Spoken word troupe Loud Poets have taken to the road once more, with live band in tow, for this year's Edinburgh Festival Fringe. In the informal setting of the Scottish Storytelling Centre's basement theatre, the Loud Poets offer an uplifting and energetic performance, which blends their poetry with music, video, gaming and even dance.
Catch their Fringe gig, or their regular slot in Glasgow – you just might learn something.
An PSA-style introductory video sets the tone, warning us of the spoken word revolution of which we are about to become a part, before the poets come on, band playing, to introduce their work. These people are sensational performers, engaging effortlessly with the crowd in a down-to-earth manner that puts everybody at their ease. It is for this reason, perhaps, that the more emotionally charged pieces presented are so hard-hitting: as the audience recovers from Kevin Mclean and Doug Gary's interactive long poem about infamously nerdy board game Dungeons and Dragons, they are confronted with Catherine Wilson's heartbreaking poem of loss about all the lives her sister didn't live after dying in the Dunblane massacre.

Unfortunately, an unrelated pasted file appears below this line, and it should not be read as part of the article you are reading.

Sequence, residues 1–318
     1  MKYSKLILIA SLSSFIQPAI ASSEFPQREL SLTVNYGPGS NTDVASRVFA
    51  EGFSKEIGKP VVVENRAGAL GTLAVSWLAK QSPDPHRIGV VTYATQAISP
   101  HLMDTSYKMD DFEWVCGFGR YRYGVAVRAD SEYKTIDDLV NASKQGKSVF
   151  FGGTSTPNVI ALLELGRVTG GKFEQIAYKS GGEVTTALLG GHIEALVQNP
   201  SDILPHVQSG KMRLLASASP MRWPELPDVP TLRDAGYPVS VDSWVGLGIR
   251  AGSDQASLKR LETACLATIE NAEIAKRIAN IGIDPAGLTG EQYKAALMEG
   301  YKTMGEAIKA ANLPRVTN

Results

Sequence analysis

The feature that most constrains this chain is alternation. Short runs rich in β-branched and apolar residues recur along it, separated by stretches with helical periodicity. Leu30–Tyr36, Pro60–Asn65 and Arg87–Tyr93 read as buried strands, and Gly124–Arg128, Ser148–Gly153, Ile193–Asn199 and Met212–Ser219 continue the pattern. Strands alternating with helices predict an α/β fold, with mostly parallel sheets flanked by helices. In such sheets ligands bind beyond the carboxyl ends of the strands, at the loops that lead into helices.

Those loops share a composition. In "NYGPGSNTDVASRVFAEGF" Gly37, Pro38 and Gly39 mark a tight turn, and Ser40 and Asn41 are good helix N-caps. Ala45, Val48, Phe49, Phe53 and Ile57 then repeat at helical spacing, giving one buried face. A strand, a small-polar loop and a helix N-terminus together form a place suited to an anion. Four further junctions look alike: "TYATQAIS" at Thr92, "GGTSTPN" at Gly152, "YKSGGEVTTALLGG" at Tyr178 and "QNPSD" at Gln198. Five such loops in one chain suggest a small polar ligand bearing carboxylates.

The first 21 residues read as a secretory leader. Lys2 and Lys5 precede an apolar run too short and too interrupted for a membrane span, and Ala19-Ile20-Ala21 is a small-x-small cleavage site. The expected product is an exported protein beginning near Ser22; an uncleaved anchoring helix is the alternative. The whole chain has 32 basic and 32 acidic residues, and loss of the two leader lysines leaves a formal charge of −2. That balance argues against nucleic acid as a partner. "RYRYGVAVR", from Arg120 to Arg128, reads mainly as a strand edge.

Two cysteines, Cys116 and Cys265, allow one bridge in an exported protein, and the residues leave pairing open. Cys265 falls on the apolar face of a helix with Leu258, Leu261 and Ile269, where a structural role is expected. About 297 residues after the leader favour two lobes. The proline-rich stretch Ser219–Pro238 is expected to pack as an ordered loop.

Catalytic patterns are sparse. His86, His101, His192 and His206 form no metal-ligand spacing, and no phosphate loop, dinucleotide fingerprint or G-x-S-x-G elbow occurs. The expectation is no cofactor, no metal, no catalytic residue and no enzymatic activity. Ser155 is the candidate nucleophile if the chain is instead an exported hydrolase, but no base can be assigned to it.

The Loud Poets belong in the Scottish Storytelling Centre – their act fits the ethos of the place, they are outspoken, humane, and skilful. This is an act not to be missed – it is easy to forget that the Fringe is a haven for spoken word as well as theatre and comedy, though it is often overlooked, and the Loud Poets are a wonderful reminder. Catch their Fringe gig, or their regular slot in Glasgow – you just might learn something.